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Rapid determination of antibiotic residues in cereals by liquid chromatography triple mass spectrometry

  • Beatriz Albero
  • José Luis Tadeo
  • Esther Miguel
  • Rosa Ana PérezEmail author
Research Paper

Abstract

Antibiotics may be present in agricultural soils through the application of organic amendments as fertilizers or by irrigation of fields with recycled water. As a result of these agricultural practices, antibiotics in soil can lead to their uptake by plants, entering in this way the food chain. Studies on the levels of antibiotics in cereal samples are scarce in the available literature. In this work, an analytical method was developed for the determination of 19 antibiotics (fluoroquinolones, sulfonamides, tetracyclines, and lincosamides) in four types of cereal grains (wheat, barley, rice, and oat). Ultrasound-assisted matrix solid-phase dispersion was selected as extraction technique with recoveries of target analytes ranging from 73 to 127% for the four cereals analyzed. Limits of quantification obtained ranged from 0.8 to 5.8 ng g−1. Compared with methods described for the analysis of antibiotics in cereals, the developed method uses a lower volume of extraction solvent and very good recoveries were obtained for all compounds. The validated method was applied to the analysis of different types of cereals samples, harvested from agricultural fields or purchased from local supermarkets. The analysis of the five cereal samples grown in fields with 3 years of consecutive organic amendments revealed that none of the nineteen antibiotics selected were found in any sample. Eleven commercial samples of cereals of different types and presentations were analyzed and enrofloxacin was detected in one rice sample; the presence of enrofloxacin in cereals or its incorporation into crops from soil or water not previously reported.

Graphical abstract 

Keywords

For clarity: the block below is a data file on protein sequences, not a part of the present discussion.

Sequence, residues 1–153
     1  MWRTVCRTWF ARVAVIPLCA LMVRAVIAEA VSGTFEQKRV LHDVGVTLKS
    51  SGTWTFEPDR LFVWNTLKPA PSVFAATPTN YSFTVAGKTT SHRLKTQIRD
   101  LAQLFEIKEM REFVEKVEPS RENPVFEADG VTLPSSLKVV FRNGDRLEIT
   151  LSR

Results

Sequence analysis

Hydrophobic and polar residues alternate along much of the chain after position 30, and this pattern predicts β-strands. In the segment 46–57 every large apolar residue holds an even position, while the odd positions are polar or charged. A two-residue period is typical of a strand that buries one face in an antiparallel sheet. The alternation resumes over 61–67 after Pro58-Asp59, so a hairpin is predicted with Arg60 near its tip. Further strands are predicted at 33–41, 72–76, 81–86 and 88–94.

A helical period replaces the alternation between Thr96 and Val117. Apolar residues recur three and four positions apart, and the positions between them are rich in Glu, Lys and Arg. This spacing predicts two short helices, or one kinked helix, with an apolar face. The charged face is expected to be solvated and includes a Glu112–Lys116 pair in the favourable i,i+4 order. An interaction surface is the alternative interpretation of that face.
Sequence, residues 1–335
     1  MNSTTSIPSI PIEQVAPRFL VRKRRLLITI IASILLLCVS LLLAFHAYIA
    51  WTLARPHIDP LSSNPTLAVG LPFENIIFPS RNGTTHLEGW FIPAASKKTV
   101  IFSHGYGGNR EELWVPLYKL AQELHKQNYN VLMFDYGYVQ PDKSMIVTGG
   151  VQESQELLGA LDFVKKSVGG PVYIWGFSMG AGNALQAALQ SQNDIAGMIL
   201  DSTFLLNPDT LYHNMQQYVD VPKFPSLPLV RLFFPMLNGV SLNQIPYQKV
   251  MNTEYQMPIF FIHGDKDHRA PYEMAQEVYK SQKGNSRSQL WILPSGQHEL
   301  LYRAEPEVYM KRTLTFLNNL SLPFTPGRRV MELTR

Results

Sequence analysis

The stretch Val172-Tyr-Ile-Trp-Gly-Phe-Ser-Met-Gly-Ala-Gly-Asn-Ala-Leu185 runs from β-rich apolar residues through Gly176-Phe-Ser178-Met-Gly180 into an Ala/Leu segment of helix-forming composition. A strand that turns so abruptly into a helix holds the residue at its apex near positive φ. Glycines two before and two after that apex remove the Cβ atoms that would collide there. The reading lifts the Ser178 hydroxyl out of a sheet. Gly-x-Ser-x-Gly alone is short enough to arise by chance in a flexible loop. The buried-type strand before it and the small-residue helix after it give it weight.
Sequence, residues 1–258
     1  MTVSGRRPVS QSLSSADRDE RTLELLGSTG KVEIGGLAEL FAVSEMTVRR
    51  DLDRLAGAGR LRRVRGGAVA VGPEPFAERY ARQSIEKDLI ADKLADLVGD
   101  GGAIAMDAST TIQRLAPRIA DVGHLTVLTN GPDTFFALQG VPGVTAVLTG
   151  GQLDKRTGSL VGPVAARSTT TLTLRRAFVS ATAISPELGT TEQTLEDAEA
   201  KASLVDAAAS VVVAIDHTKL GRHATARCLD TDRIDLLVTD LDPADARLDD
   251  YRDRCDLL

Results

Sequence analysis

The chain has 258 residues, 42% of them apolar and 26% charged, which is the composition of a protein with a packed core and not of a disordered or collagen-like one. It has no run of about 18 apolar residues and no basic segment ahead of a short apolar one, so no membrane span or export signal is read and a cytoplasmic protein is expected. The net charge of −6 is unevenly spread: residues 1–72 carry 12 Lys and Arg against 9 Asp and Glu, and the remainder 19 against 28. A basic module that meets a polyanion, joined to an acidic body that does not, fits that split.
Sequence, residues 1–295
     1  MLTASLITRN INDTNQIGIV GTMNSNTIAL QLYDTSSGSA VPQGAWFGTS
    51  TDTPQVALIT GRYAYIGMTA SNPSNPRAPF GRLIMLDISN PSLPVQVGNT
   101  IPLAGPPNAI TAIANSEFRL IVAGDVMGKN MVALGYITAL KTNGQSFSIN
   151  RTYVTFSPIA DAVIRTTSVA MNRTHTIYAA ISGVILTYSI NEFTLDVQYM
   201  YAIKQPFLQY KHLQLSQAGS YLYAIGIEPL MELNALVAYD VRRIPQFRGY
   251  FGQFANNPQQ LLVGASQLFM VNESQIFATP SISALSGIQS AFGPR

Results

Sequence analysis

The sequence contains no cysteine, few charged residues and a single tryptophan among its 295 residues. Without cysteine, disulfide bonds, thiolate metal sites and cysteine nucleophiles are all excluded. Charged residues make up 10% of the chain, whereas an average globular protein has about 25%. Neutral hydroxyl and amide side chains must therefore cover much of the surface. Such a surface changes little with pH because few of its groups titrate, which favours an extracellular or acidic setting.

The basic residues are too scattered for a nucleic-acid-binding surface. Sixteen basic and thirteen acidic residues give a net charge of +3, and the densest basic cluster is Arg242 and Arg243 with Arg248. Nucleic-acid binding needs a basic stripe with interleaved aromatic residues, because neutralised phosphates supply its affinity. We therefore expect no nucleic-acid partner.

Grains Uptake Antibiotics LC-MS/MS Analysis 

Notes

Acknowledgments

The authors wish to thank the Spanish Ministry of Economy, Industry and Competitiveness for financial support, project (RTA2014-00012C03). The authors would like to thank Dr. Mª Carmen Lobo Bedmar (IMIDRA) and Dr. Jose Luis Tenorio (INIA) for the cereal samples grown in the agricultural fields and the wheat grown in the experimental farm “La Canaleja” (Madrid), respectively.

Compliance with ethical standards

Conflict of interest

The authors declare that they have no conflict of interest.

Ethical approval

This article does not contain any studies with human participants or animals performed by any of the authors.

Informed consent

Not applicable.

Supplementary material

216_2019_2003_MOESM1_ESM.pdf (873 kb)
ESM 1 (PDF 873 kb)

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Copyright information

© Springer-Verlag GmbH Germany, part of Springer Nature 2019

Authors and Affiliations

  • Beatriz Albero
    • 1
  • José Luis Tadeo
    • 1
  • Esther Miguel
    • 1
  • Rosa Ana Pérez
    • 1
    Email author
  1. 1.Departamento de Medio Ambiente y AgronomíaInstituto Nacional de Investigación y Tecnología Agraria y Alimentaria (INIA)MadridSpain

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